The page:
Rings also varies its views much more than Dragon: The HBO prequel’s characters are practically shut-ins compared to globe-trotting Galadriel, Halbrand, and Arondir. Thus far, most of Dragon’s events have taken place in King’s Landing, and largely indoors at that. The godswood at the Red Keep is logging lots of minutes, but that garden—and the dark, drafty castles of King’s Landing, Dragonstone, Storm’s End, and Driftmark—can’t compare to the natural splendor of a fully operational New Zealand. Dragon also focuses on far fewer characters than Rings, which incorporates a Thrones-sized ensemble spread out across several locations. What with all the time spent in Númenor, Khazad-dûm, the Southlands, and Eregion, the latest episode of Rings simply skips over the Stranger and the harfoots in Rhovanion, as Episode 3 omitted Elrond and Durin. There’s so much going on that these absences aren’t glaring. Dragon doesn’t always seem as eye-catching or kinetic, but the strength of its structure is that there’s more time and dialogue devoted to exploring each of its characters’ intricacies.

Despite its prophecies and dragonriders, Martin’s world—particularly as rendered in Dragon—is much less mystical and more grounded than J.R.R. Tolkien’s. Dragon has, well, dragons, whereas Rings has orcs, elves, dwarves, and harfoots (not to mention maiar). Rings is also brighter not only in appearance, but in its themes and outlook: It’s about a battle between good and evil, not an internecine struggle for control of a throne. And in keeping with the material in Martin’s and Tolkien’s books, Rings contents itself with a lot less graphic violence and sex (and, thus far—how quaint!—not a single sign of incest). It’s not always anodyne, but it’s a lot less likely to make a parent watching with their kids answer some uncomfortable questions.

Tolkien was a major influence on Martin’s vision for A Song of Ice and Fire, but Martin, who was writing decades later in a tradition that Tolkien shaped, delighted in challenging conventions and toppling tropes. Because these series’ source materials were in a conversation of sorts, the adaptations are also. Thus, they work in concert: Dragon is both an homage to and a deconstruction of the aesthetic and ethos of Rings, and the multiple flavors of fantasy on display makes the tandem feel fresher and more fascinating than either would on its own. In some ways, I wish each one could be a bit more like the other—a Dragon that ranged farther afield, or a Rings in which there were time for deeper character development—but then they really might step on each other’s TV toes. As it is, they carve out their own territories and establish disparate, signature styles.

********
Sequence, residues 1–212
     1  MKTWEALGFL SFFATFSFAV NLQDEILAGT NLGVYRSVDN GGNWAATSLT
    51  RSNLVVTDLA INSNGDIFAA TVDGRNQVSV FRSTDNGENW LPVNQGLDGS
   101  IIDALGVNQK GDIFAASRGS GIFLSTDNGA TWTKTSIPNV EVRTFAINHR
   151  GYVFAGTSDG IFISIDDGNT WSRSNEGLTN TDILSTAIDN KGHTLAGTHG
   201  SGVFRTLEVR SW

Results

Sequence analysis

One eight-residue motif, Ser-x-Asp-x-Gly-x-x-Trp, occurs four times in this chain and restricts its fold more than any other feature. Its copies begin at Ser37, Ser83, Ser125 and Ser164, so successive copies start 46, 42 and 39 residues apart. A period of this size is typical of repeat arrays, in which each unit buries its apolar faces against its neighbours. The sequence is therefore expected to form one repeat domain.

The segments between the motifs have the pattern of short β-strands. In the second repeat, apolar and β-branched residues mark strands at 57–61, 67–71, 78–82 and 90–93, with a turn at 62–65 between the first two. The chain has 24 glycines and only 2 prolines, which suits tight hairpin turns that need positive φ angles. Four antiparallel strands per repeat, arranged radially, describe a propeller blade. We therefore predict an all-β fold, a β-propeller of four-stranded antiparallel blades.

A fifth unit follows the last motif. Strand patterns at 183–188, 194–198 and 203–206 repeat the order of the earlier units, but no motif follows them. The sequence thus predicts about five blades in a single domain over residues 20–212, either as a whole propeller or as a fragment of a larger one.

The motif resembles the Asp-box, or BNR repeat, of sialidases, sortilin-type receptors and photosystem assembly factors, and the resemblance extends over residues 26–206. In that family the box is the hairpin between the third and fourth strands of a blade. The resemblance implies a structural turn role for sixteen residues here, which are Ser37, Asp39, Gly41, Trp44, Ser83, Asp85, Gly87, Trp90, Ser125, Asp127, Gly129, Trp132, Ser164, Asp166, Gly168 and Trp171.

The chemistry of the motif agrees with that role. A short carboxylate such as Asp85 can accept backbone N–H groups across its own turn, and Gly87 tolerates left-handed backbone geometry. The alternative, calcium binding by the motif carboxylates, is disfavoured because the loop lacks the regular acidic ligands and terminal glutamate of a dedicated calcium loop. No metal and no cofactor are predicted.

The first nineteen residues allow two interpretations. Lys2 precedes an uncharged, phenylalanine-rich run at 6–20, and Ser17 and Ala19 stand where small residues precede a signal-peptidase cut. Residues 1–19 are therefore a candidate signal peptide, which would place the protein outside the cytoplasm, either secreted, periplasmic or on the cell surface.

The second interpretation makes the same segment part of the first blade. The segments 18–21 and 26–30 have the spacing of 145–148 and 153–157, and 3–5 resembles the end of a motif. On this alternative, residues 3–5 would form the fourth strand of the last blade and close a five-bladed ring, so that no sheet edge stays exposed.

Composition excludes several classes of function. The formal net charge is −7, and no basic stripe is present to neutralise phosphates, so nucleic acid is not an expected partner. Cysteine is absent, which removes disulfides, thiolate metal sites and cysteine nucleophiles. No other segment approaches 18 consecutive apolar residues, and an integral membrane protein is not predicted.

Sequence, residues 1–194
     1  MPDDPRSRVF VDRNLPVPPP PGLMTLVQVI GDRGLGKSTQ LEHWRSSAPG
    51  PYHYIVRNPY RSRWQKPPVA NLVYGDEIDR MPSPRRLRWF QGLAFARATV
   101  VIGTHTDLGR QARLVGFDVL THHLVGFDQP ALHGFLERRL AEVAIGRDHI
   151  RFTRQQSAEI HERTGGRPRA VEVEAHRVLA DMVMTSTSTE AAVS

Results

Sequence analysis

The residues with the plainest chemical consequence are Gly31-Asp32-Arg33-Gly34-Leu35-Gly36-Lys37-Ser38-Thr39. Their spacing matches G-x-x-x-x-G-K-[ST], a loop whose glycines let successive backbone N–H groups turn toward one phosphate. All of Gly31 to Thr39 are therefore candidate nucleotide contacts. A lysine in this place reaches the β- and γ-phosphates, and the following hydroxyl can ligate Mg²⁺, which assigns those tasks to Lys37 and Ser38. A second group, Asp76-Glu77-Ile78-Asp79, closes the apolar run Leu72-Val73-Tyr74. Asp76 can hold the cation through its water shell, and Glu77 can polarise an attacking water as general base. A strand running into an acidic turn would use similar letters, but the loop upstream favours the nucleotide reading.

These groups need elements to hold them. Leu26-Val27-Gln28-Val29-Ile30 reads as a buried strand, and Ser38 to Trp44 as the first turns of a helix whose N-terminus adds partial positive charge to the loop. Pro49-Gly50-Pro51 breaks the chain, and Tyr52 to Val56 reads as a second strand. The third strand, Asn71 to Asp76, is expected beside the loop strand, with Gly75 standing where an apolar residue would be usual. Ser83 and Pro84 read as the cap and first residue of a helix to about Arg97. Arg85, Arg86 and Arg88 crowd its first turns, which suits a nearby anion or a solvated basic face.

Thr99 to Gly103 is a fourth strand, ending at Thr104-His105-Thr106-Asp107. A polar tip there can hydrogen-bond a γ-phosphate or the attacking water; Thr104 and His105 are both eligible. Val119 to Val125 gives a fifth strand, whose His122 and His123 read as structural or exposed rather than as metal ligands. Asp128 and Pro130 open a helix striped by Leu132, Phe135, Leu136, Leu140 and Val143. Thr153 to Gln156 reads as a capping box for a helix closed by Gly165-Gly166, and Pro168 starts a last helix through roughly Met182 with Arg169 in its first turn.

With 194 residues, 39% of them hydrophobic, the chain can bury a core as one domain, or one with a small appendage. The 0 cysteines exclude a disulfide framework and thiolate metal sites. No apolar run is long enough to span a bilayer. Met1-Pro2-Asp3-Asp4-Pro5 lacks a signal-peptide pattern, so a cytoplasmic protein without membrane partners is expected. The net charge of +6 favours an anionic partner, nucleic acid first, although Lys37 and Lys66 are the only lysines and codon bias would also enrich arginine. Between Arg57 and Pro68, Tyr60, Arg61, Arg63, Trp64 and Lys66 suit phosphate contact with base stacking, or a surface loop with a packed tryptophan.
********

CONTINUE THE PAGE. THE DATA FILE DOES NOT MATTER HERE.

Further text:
Fantasy fans—or, to hold up a broader umbrella, TV viewers—don’t need to anoint only one of these shows any more than baseball fans have to limit their awe to either Aaron Judge or Shohei Ohtani. The only people who have to pick one player are the 30 media members who’ll elect the MVP. Everyone else can just enjoy them taking turns hitting huge three-run homers and sending their fans home happy. Along the same lines, Dragon and Rings can both dominate different calendar days, in their own ways.

None of this is to say that the series are equally rewarding, that they may both win over everyone, or that those who watch both won’t have a favorite. Rings is growing on me, but I’m still a Dragon guy if forced to choose. The point is, though, that I’m not forced to choose: Tuning in to one doesn’t diminish my appetite for the other. Just the opposite, in fact: If one leaves me with a hard-to-reach itch, the other might scratch it. This a classic “Why not both?,” beer-and-tacos situation.

By virtue of the routes they took to our screens, House of the Dragon and The Rings of Power will forever be linked in the trades and the popular imagination. From an industry perspective, perhaps, one show, franchise, and streaming service will “win,” as measured by audience size, subscription growth, number of seasons, and number of spinoffs spawned. For fans, though, there’s no need to get caught up in a streaming-service update of the old-school console wars. Sega and Nintendo both had great games, and Sonic’s success didn’t mean Mario sucked—they just took separate paths to the platforming pantheon. Maybe House of the Dragon and The Rings of Power can both be fantasy standouts that please some of the same people on different days or in different moods. Rings and Dragon, sitting in a tree; whether White Tree or weirwood is fine by me.